Book Review: “French Musketeer 1622-1775” by René Chartrand

French Musketeers book cover

Who doesn’t love the Musketeers? Ever since the French writer Alexandre Dumas, père wrote his series of historical novels in the 19th Century, people have followed the adventures of D’Artagnan, Athos, Porthos and Aramis and their intrepid valets in books and movies. But were these men just characters in a book or did they really exist? Did the Musketeers really duel and fight amongst themselves? Did they actually fight in wars? And what were their uniforms really like? What sort of equipment was issued to them?

This book from Osprey Publishing answers this and many more questions. Chartrand gives an overall history of the various units of the Musketeers. They fought on horseback and on foot in numerous wars as well as fulfilling their duty as bodyguards for the King. The chief ministers of Louis XIII and Louis XIV, Cardinal Richelieu and Cardinal Mazarin had their own companies of Musketeers. Chartrand says there were many instances of duels being fought between the Kings’ and the Cardinals’ Musketeers. So the duel scenes in the stories have a basis in fact.

There is a chapter in the book regarding the fighting of the Musketeers in sieges, battles and wars. They also performed secret missions for the king. The book is filled with colorful illustrations by Graham Turner as well as copies of various prints and paintings depicting Musketeers from the different eras of their existence. A great deal of the book explains the costume and the equipment of the soldiers and how it changed over time. Also included are a chronology, a list of ranks, a glossary of terms and a bibliography.

The information I found most interesting is the historical basis for the characters in Dumas’ novels. Dumas found a copy of a book which was the basis for all of his stories. It was published in 1700 and called “Memoirs of Mr. D’Artagnan, Captain-Lieutenant of the First Company of the King’s Musketeers, concerning a quantity of private and secret events that occurred during the reign of Louis the Great”, written by Gatien de Courtiz de Sandras. Sandras had been a King’s Musketeer for eighteen years. Chartrand explains that Dumas’ characters of D’Artagnan, Athos, Porthos and Aramis are actually based on real men who served in some form or another as Musketeers or soldiers in other units. Sandras may have met the “real” D’Artagnan at some point so his memoirs possibly contain some actual facts of his life. Of course Dumas used artistic license and fictionalized many aspects of their lives.

I distinctly remember seeing the movie version of “The Three Musketeers” from 1973. My college library had a fabulous collection of most of Dumas’ work in old volumes that had been bound in new covers. I read every book I could get my hands on, devouring them. Not only are they entertaining reading but they give the basic outline of French history during the Renaissance and early modern period. So reading this book was a lot of fun and brought back good memories and I enjoyed the illustrations.

Book Review: “Boudicca’s Rebellion AD 60-61: The Britons rise up against Rome” by Nic Field

Boudicca's rebellion book cover

The story of Boudica, the Celtic Warrior Queen has always intrigued me. She rose in rebellion in the first century against the Roman Empire when they occupied Britain and had some success. I wanted to know more. In searching for sources, I found this book was available. The cover has an almost cartoonish drawing so I was a little dismayed. But I was wrong to be concerned. This is a very thorough account of Boudica’s rebellion with lots of valuable information.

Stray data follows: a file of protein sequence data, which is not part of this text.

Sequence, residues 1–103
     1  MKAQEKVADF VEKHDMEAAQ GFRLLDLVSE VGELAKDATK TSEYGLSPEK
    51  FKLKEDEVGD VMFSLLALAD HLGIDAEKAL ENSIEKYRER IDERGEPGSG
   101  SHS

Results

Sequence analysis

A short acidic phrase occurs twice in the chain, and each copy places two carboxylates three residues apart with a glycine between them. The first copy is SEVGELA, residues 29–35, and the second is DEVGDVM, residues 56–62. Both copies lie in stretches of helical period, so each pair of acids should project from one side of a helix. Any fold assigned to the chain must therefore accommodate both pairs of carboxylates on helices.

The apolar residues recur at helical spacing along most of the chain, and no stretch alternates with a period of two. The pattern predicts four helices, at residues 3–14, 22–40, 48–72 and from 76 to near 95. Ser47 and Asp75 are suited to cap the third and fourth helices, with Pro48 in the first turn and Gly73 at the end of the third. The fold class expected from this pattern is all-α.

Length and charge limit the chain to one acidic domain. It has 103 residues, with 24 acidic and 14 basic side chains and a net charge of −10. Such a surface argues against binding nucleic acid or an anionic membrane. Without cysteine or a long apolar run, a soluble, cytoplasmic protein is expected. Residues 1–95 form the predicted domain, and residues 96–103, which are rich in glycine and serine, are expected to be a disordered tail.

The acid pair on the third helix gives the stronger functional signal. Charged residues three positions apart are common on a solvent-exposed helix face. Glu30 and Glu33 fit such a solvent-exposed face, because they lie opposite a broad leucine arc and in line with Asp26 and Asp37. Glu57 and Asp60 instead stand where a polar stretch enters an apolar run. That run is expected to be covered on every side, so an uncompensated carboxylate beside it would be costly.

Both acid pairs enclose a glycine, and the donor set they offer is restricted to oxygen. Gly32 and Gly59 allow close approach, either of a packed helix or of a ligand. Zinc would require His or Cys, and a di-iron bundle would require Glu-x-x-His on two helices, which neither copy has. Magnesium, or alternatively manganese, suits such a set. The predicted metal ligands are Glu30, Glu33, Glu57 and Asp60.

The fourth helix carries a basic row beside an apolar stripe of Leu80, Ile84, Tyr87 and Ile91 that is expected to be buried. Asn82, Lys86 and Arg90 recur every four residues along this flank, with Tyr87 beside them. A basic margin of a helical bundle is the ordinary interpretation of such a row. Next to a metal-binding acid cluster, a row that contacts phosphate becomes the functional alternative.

Osprey Publishing specializes in military history books. They advertise that their books are “Accounts of history’s greatest conflicts, detailing the command strategies, tactics and battle experiences of the opposing forces throughout the crucial stages of each campaign.” This is certainly the case with this book. Author Nic Fields has an excellent grasp of the history of the Roman military. He details how the soldiers dressed, how the Roman army was organized, what weapons they used, etc. There are photographs of Roman military re-enactors, illustrating what they looked like. There are photos and explanations of archaeological evidence from the era along with maps and drawings.

Fields tells us about the primary sources: Tacitus and Cassius Dio. He gives thorough analysis of both authors, their accounts of the events and the differences and similarities. He explains how the Celts had no written records so we can only go by the Roman version of events. The sections of the book include opposing commanders, opposing armies, opposing plans, the campaign and the aftermath. I especially liked his detailing of the Celtic forces and the type of chariots they used to fight with and how they employed the chariots during battle.

My favorite section of the book talks about the location of the final battle between the Romans and Boudica’s forces. Tacitus and Dio do not give the actual location. The only thing we know is the battle occurred in the Midlands of Britain. Fields has identified a possible location and gives several photographs. This is really fascinating.

As mentioned, the book is filled with photographs. The illustrations of Peter Dennis are fantastic. He incorporates what we know about the Celts and Boudica herself. Certain items in the illustrations are numbered and there is a legend beneath the picture explaining the historical fact behind what you are seeing. I enjoyed the artist’s imagination very much.

So, I learned a lot about Boudica’s campaign against the Romans and this book made the time period come alive. I also learned about Osprey Publishing and will use them as a resource again for military history. I can highly recommend this book.